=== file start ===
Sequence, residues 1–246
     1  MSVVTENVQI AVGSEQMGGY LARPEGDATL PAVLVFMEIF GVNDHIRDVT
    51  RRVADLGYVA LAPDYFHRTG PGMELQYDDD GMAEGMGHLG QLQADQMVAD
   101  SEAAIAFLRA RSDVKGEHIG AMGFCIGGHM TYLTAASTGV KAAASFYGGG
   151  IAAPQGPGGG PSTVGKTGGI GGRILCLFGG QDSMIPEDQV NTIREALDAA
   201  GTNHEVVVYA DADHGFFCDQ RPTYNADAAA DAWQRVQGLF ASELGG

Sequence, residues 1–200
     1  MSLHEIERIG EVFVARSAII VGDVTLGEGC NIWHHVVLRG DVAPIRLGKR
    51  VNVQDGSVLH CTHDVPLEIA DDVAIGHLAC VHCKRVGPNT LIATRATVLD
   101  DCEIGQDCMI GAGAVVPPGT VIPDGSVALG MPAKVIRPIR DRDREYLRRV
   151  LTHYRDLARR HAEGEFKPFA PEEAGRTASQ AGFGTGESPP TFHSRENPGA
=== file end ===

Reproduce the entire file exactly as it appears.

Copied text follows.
Sequence, residues 1–246
     1  MSVVTENVQI AVGSEQMGGY LARPEGDATL PAVLVFMEIF GVNDHIRDVT
    51  RRVADLGYVA LAPDYFHRTG PGMELQYDDD GMAEGMGHLG QLQADQMVAD
   101  SEAAIAFLRA RSDVKGEHIG AMGFCIGGHM TYLTAASTGV KAAASFYGGG
   151  IAAPQGPGGG PSTVGKTGGI GGRILCLFGG QDSMIPEDQV NTIREALDAA
   201  GTNHEVVVYA DADHGFFCDQ RPTYNADAAA DAWQRVQGLF ASELGG

Sequence, residues 1–200
     1  MSLHEIERIG EVFVARSAII VGDVTLGEGC NIWHHVVLRG DVAPIRLGKR
    51  VNVQDGSVLH CTHDVPLEIA DDVAIGHLAC VHCKRVGPNT LIATRATVLD
   101  DCEIGQDCMI GAGAVVPPGT VIPDGSVALG MPAKVIRPIR DRDREYLRRV
   151  LTHYRDLARR HAEGEFKPFA PEEAGRTASQ AGFGTGESPP TFHSRENPGA